Collective optimism can also lead to large-scale disasters. Over-optimism of a very large number of people about their repayment capacity on mortgages led to the housing bubble and recession in the United States. Irrationality and optimism are at the very heart of any economic bubble. Now a very relevant question is – what is the remedy of irrational optimism? Can we escape from it? A raft of research in psychology and behavioural economics indicate that as individuals we are very ill equipped to handle irrational optimism. Corporations are slightly better off. By putting the right set of processes and safeguards, they may be able reduce or discourage over-optimism. One of my intellectual heroes of our time, Nassim Taleb in this latest book “How to live in a world that we do not understand” underscores this very point of future uncertainty and irrational optimism thereby. He suggests ways to adjust to some humility about how much we understand the world we live in. Thinking small, taking two insurance policies and reminding ourselves morning and evening that we don’t know much about the future and having some discipline and quality control over the decisions we need to make may help cure the irrationality around optimism.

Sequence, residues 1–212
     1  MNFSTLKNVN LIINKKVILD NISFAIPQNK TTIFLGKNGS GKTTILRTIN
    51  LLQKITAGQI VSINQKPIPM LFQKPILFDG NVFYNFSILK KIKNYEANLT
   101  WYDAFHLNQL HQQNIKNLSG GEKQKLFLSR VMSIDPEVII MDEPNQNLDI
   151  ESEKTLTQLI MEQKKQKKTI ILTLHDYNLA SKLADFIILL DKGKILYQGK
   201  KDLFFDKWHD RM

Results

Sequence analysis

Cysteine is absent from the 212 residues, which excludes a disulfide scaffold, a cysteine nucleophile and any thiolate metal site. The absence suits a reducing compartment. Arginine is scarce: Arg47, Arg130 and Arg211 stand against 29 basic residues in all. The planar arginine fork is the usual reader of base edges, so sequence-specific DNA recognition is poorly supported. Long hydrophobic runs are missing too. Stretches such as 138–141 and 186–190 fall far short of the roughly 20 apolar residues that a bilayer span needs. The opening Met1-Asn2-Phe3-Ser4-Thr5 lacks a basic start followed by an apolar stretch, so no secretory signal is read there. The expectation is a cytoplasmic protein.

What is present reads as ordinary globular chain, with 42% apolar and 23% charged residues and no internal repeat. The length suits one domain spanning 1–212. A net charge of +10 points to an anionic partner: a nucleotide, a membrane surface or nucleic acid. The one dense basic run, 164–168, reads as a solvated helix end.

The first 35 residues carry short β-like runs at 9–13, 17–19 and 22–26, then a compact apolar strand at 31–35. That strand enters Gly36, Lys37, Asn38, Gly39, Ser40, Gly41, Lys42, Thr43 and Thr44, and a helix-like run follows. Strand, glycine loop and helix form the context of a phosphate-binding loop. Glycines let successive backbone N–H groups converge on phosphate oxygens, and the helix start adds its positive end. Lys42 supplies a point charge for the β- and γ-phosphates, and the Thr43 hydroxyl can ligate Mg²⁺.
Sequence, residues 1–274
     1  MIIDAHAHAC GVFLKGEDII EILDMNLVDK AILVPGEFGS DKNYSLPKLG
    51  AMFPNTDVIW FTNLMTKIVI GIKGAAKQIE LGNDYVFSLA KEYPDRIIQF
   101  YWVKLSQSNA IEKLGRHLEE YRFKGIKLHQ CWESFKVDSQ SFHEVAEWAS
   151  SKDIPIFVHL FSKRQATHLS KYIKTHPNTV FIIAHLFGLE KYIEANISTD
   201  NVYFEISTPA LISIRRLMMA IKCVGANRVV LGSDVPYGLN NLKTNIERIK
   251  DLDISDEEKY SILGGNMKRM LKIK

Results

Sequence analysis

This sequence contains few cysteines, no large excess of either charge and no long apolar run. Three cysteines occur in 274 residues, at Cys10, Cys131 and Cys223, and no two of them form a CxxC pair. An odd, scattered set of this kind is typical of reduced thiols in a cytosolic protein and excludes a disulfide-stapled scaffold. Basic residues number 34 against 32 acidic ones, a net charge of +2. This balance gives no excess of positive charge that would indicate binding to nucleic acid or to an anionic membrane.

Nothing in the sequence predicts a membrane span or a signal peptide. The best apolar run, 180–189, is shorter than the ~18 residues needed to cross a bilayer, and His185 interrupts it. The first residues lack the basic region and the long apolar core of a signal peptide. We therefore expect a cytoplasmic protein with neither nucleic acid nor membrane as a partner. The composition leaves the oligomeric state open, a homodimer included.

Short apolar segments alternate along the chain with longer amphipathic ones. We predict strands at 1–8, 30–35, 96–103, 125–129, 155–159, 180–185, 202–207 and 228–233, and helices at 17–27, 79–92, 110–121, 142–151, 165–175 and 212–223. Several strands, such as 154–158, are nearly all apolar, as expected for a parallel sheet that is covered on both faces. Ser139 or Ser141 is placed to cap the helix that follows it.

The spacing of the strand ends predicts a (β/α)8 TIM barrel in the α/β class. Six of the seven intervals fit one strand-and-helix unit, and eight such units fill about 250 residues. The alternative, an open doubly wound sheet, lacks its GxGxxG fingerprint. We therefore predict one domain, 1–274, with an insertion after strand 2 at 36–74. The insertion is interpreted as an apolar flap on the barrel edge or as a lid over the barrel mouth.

However, let’s not forget that optimism can be a very good thing, contributing towards success and happiness in life. However, in many important areas of our lives we tend to be irrationally optimistic. In times of uncertainty and rapid changes, we should be wary of irrational optimism, be it for ourselves or our organization.